Community of faith. When I hear this expression I wonder how many in our individualistic society really have any idea what it means. I do. I was blessed to be part of one — Lutheran Campus Ministry at Kansas State University in Manhattan.
I was a sophomore, and I was searching. When a friend invited me to go with her, I did. First for worship and later for the weekly meals. A warm welcome, the good food and talking about issues that mattered — all made me want to come back. I became a part of this community of faith. And in it I later discerned a call to become a pastor.
This community is where our pastor encouraged our questions, accepted us for who we were and taught us to tell our stories. We created our community as we worked and worried together, played and prayed together. Preparing meals and sharing dismay over the world's problems. Hiking, broomball, canoeing and doing Bible study, singing, praising. And laughing! All filled with holy moments.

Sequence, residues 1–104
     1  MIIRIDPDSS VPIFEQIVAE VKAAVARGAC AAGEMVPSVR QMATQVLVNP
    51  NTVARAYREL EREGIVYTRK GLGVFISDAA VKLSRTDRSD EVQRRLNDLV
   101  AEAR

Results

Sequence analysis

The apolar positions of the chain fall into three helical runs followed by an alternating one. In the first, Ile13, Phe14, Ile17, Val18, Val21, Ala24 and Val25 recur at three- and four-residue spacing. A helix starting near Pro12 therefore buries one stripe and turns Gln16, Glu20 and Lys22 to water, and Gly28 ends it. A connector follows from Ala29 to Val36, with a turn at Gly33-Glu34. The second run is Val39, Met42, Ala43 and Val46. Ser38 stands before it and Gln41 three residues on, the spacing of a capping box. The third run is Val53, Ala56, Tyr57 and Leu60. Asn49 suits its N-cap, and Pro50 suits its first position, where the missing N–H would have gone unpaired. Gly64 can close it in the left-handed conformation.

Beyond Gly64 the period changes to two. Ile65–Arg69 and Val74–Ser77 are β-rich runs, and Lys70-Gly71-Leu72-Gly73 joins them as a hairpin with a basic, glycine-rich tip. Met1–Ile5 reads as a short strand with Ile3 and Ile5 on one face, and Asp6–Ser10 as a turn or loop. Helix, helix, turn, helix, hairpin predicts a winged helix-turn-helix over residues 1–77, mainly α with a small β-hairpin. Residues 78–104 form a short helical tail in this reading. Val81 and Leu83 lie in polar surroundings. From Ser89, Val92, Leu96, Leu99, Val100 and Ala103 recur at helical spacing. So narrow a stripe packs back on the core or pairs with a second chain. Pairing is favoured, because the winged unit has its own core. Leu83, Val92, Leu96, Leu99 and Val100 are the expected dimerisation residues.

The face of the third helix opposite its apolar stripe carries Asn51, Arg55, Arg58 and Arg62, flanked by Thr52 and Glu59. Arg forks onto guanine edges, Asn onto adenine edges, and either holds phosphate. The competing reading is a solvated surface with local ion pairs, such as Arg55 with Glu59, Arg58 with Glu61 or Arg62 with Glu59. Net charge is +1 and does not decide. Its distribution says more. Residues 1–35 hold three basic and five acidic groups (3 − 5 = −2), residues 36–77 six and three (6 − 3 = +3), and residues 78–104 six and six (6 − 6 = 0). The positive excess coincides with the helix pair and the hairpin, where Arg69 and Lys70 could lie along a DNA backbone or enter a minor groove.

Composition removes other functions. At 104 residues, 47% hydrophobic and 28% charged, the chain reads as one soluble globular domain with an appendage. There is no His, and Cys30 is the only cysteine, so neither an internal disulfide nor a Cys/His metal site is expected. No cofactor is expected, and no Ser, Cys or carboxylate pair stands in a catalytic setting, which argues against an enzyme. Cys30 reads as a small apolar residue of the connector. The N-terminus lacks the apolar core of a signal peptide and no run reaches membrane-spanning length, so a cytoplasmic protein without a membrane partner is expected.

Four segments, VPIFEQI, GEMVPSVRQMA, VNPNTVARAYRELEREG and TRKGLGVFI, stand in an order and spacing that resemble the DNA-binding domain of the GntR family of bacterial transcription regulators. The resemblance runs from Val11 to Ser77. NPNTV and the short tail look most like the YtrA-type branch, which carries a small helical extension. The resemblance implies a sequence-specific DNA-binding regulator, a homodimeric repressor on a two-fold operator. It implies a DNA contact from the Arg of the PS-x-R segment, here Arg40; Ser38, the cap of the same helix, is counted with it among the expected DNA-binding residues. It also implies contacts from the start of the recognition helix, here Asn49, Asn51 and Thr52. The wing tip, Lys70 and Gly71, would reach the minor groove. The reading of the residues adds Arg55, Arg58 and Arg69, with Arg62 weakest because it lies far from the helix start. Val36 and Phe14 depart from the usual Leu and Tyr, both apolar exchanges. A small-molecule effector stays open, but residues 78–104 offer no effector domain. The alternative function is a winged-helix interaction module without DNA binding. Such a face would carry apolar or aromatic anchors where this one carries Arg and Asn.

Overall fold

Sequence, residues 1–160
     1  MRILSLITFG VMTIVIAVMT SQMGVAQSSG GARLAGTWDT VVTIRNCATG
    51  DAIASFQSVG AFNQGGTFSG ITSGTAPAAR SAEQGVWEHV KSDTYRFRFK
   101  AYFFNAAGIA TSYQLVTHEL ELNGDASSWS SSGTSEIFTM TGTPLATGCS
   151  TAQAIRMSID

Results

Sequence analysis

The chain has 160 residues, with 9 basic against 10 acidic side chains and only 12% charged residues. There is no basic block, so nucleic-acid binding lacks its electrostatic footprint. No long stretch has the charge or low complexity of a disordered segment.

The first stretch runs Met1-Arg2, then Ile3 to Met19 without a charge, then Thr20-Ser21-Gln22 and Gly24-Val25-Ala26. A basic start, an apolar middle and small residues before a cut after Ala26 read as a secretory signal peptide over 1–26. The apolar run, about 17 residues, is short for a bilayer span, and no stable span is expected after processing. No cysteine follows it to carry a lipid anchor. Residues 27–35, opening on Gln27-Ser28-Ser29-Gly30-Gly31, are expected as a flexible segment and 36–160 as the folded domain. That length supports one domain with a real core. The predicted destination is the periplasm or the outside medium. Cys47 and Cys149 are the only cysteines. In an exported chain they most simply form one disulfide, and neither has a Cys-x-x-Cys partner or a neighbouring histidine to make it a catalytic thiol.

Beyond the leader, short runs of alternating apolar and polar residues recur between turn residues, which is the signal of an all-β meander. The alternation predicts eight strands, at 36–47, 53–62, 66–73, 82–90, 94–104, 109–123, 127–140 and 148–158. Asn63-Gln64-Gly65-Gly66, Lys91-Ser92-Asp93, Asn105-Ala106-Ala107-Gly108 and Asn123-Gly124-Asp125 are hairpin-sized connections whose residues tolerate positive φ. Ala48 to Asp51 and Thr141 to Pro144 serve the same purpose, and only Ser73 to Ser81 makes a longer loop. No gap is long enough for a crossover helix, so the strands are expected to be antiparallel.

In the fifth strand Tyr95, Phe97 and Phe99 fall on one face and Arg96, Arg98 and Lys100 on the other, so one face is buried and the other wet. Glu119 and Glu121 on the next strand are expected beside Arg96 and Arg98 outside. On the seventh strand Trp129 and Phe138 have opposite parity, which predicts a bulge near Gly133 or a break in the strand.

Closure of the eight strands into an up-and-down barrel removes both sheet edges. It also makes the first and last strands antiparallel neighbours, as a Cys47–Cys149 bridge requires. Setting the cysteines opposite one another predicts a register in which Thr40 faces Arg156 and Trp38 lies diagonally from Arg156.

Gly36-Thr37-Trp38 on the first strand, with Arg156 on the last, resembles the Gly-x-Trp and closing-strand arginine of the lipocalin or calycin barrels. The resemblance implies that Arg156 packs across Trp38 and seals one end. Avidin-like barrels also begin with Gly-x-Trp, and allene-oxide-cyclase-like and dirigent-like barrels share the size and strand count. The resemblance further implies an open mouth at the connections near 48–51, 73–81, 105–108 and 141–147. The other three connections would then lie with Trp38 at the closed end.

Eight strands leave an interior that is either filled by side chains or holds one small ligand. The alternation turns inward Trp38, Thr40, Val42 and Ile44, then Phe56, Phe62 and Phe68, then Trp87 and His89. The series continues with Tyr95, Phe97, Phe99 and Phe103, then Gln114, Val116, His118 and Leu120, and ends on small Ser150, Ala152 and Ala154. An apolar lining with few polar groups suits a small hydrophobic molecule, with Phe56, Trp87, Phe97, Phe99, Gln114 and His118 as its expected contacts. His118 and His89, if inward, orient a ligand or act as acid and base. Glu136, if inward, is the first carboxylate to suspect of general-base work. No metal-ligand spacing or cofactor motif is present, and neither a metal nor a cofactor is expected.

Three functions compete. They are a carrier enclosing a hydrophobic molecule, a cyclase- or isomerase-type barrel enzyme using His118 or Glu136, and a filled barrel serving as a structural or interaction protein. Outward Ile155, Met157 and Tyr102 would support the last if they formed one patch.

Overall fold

Each time I return to that Lutheran campus ministry — though many of the faces are new — I sense that I'm a part of that community of faith. I feel their support and the rejoicing in my ministry, living the call now that I heard first there.
What of today's children, my own in years to come and those in our churches and neighborhoods? I want there to be a community of faith for each of them as they leave home and grow into adulthood. No, we can't teach them what "community of faith" means or why it's life-giving. But we can support such communities and give them opportunities to grow. Then trust God to do the rest.
© 2013 Augsburg Fortress, Publishers